Virgin Mary

Mary of the mysteries

Jacklyn Maddux tells a tale of wonder and regret as the mother of Jesus in Colm Tóibín’s "The Testament of Mary" for Corrib Theatre

Holy Mother of God, how could you say such things? Tense, sad, argumentative and just this side of bitter, Jacklyn Maddux is far from a Renaissance painter’s vision of the Virgin Mary. Then again, that symbol of serene and ardent holiness is not what Colm Tóibín wants her to be. What he wants, as things turn out, is something more combative and conflicted in its mysteries.

Watching Maddux’s solo turn for Corrib Theatre in The Last Testament of Mary, Tóibín’s stage adaptation of his 2012 novella, I thought almost inevitably of Nikos Kazantzakis and his startling, in some circles notorious, novel The Last Temptation of Christ.

Temptation was first published in Greek in 1955, the year that Tóibín was born in Ireland, and although Last Testament is in no way connected stylistically or narratively to the earlier novel, they share a thematic understanding: religious myth is built on human experience. It is rote among Christians to refer to Jesus as both man and god, and yet the “man” half of the equation is routinely subsumed, as if it were a tainted and shameworthy thing, in the glories of the god. Kazantzakis roiled the official waters by writing a novel in which Jesus, far from being above or otherwise separated from humanity, was deeply and passionately human. He felt every emotion, every temptation, including the temptations of the flesh; only by being fully human and understanding what that meant could he be the kind of god he was.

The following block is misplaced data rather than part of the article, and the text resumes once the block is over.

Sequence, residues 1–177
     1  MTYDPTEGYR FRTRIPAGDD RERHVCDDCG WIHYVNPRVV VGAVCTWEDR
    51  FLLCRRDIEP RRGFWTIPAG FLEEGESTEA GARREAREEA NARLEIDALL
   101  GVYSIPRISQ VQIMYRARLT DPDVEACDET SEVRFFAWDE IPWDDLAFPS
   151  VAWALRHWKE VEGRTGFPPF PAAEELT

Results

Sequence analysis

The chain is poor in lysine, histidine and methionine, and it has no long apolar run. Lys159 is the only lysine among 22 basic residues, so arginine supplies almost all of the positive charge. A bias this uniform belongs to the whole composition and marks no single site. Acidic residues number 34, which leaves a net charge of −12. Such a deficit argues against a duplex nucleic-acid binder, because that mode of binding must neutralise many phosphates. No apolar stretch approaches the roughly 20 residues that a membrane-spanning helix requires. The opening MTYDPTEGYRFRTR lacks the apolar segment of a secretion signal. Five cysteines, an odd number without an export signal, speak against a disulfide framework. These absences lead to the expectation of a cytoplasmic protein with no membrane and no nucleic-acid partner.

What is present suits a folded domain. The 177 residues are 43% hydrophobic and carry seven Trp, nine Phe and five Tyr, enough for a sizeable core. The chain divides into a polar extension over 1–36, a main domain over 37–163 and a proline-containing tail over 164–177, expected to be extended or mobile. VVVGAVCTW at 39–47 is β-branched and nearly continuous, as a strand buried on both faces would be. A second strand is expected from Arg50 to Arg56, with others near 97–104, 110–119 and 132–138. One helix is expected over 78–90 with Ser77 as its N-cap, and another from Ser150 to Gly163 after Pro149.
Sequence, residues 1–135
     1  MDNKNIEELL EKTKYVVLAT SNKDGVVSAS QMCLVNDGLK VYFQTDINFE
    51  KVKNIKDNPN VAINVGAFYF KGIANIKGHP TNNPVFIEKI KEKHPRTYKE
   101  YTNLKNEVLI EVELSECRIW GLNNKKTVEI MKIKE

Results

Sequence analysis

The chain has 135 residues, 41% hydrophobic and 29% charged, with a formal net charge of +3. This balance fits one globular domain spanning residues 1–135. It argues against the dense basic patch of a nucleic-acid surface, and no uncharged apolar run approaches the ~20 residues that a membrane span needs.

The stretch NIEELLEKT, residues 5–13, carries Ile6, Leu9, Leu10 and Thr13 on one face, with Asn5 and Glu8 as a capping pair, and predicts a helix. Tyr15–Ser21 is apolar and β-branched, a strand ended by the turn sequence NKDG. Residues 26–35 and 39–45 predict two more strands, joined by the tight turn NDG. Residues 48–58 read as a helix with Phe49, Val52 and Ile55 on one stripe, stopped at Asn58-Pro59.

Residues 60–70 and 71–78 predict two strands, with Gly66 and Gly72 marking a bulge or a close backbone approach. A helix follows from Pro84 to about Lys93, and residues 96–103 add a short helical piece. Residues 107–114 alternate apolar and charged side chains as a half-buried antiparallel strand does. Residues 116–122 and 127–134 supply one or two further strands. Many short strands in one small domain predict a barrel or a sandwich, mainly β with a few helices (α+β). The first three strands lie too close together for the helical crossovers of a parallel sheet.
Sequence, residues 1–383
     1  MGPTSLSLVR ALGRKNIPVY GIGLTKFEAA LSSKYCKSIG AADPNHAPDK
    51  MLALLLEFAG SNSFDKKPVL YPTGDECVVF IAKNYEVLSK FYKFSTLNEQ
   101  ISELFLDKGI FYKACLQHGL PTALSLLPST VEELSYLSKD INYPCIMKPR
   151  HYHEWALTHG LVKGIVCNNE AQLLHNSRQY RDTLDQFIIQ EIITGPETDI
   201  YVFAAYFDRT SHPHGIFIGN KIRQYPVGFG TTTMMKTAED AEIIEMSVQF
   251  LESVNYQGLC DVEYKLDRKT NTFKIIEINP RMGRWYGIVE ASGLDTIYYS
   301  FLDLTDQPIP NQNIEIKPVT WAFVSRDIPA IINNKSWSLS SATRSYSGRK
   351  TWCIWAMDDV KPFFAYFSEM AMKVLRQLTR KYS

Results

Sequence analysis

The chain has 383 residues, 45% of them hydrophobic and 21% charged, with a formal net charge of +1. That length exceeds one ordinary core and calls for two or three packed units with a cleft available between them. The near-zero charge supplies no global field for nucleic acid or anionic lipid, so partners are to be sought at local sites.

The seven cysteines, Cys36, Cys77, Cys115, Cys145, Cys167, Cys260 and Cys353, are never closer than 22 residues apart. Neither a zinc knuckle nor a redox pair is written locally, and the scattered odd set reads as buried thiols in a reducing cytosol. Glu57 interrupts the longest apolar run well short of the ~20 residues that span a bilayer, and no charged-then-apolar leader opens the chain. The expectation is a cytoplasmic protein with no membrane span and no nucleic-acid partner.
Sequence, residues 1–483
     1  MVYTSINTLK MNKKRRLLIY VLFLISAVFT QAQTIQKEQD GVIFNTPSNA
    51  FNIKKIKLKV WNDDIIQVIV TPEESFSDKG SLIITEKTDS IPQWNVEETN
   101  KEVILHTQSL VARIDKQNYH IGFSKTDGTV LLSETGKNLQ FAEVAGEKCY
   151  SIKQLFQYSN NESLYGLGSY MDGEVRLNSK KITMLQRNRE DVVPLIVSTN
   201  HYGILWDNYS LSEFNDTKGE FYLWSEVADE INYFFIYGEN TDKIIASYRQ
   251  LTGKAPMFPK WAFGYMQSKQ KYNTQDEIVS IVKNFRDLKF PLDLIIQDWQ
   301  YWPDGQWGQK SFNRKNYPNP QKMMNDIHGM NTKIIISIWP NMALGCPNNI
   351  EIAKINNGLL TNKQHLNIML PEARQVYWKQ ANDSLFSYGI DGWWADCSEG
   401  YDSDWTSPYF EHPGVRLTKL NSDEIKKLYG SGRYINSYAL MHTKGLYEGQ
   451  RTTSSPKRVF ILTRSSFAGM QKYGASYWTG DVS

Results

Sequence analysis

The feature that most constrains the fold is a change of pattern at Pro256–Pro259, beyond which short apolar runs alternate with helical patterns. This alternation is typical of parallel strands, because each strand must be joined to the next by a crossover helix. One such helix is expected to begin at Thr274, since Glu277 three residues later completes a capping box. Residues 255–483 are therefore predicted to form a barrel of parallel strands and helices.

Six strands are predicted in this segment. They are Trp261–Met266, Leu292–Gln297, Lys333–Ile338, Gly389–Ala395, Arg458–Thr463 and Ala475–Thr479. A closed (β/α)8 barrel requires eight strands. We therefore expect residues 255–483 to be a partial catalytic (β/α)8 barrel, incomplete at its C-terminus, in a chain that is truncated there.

Jacklyn Maddux as Mary, remembering. Photo: Owen Carey

The Last Testament of Mary concentrates on the human, too, through the voice and experiences not of Jesus but his mother, speaking, finally, years after the events. And Mary, to tell the truth, isn’t buying a lot of the mythology. Tóibín chose the word “testament” carefully: This remarkable and sometimes heartrending narrative is indeed a testimony and not a gospel (from the Old English “god spell,” or “good news”). To Mary’s mind, there’s not much good about it. Her account of her son’s life and death could almost be a legal deposition, a statement of the facts as the witness sees them, and yet it is also a dogged questioning, a ruthless self-examination, a turning-inside-out of the soul.

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